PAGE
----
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Scented naps can dissipate fears

People unlearned an odor's unpleasant accompaniment when they smelled it in their sleep

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1:01pm, September 22, 2013
sleeping girl
SLEEPING OFF FEAR In the sleeping brain, re-experiencing aspects of an unpleasant event weakens a fearful memory, a new study suggests.

A nap can ease the burden of a painful memory. While fast asleep, people learned that a previously scary situation was no longer threatening, scientists report September 22 in Nature Neuroscience.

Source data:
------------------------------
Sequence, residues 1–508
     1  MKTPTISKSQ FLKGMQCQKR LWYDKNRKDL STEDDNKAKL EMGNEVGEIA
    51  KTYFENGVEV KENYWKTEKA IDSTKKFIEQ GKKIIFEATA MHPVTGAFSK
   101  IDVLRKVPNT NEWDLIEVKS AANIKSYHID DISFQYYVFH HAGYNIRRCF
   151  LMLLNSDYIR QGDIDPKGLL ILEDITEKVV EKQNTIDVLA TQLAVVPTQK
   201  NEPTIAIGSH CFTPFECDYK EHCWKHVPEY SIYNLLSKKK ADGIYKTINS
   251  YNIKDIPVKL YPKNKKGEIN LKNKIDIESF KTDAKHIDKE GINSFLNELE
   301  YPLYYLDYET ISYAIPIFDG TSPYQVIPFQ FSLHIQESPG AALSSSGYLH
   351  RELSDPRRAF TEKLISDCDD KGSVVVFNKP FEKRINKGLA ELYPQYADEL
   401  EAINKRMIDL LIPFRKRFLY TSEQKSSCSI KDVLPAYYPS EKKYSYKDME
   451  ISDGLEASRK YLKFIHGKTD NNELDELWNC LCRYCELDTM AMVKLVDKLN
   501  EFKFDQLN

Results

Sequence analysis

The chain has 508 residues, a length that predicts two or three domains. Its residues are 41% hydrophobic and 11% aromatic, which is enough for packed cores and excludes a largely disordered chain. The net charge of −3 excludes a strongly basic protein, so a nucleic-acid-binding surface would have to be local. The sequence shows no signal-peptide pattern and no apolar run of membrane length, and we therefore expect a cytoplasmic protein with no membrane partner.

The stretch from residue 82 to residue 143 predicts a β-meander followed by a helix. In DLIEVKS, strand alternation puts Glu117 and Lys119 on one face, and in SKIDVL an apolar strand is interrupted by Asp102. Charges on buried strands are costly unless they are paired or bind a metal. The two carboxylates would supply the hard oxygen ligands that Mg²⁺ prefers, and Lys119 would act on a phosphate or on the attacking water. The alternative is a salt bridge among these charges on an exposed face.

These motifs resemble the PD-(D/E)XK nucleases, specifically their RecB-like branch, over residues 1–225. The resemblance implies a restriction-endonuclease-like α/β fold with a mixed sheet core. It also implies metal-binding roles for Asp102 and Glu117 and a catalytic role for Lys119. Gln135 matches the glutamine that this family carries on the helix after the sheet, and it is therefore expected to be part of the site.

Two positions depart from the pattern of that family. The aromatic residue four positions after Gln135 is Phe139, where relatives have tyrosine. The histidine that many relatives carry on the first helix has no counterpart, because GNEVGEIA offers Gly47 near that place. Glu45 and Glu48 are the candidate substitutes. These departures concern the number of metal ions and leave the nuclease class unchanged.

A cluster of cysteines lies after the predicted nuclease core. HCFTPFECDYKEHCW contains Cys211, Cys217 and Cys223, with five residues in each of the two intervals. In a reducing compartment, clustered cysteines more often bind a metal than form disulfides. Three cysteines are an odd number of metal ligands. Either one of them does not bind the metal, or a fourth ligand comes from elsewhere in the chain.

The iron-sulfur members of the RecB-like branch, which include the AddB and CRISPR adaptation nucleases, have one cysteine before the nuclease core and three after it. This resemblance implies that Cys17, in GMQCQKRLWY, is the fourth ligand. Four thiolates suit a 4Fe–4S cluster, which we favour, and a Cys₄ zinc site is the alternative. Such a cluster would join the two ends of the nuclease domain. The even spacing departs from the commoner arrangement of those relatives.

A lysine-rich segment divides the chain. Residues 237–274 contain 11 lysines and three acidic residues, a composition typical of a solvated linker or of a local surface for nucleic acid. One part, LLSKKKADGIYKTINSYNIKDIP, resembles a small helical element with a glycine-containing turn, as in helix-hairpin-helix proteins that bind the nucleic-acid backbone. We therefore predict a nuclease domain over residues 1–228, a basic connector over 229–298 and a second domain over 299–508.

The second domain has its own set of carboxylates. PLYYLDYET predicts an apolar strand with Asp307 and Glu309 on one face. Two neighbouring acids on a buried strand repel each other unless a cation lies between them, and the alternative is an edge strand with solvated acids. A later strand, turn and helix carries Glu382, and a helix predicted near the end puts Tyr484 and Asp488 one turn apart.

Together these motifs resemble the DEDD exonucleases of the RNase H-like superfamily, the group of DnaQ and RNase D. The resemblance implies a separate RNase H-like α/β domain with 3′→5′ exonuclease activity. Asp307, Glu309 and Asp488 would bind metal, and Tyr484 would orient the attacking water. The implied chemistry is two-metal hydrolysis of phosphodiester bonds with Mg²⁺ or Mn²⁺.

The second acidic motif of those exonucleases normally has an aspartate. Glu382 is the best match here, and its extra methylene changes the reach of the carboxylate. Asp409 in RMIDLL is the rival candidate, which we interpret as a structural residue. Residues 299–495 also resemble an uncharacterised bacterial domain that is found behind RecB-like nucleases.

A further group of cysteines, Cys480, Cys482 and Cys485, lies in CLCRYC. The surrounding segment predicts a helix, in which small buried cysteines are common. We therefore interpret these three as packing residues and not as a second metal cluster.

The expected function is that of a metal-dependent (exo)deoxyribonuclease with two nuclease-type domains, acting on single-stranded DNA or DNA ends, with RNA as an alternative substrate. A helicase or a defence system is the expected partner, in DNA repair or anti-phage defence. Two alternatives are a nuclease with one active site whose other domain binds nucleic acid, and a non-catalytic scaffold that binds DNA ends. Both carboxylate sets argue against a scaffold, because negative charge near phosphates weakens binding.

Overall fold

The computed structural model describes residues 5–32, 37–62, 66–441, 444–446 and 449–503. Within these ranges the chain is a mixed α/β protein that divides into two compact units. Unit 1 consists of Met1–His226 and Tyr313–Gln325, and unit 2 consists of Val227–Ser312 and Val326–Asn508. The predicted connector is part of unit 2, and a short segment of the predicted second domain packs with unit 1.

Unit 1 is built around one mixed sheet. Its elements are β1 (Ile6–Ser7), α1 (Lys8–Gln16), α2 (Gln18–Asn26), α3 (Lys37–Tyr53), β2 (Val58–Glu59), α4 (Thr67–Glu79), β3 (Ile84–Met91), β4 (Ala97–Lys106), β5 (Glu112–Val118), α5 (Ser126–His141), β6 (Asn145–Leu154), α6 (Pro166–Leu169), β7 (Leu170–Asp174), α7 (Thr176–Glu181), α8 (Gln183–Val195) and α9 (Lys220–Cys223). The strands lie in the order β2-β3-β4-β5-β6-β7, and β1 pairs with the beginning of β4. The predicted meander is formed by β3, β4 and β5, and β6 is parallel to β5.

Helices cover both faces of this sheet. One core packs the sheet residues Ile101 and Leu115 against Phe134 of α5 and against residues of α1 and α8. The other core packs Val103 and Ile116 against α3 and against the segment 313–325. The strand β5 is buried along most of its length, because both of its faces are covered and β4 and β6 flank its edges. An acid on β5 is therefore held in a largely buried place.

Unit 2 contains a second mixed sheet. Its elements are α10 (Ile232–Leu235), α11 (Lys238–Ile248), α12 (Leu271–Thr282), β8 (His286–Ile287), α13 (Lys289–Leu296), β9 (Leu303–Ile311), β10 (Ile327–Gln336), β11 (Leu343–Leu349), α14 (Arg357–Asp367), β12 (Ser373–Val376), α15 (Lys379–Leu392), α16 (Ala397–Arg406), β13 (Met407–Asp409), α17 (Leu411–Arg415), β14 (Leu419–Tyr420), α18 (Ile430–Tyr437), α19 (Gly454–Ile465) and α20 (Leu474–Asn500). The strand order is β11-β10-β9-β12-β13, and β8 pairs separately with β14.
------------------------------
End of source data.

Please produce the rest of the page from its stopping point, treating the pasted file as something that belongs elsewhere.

The results are the latest to show that sleep is a special state in which many sorts of learning can happen. And the particular sort of learning in the new study blunted a fear memory, a goal of treatments for disorders such as phobias and post-traumatic stress disorder.

“It’s a remarkable finding,” says sleep neuroscientist Edward Pace-Schott of Harvard Medical School and Massachusetts General Hospital.

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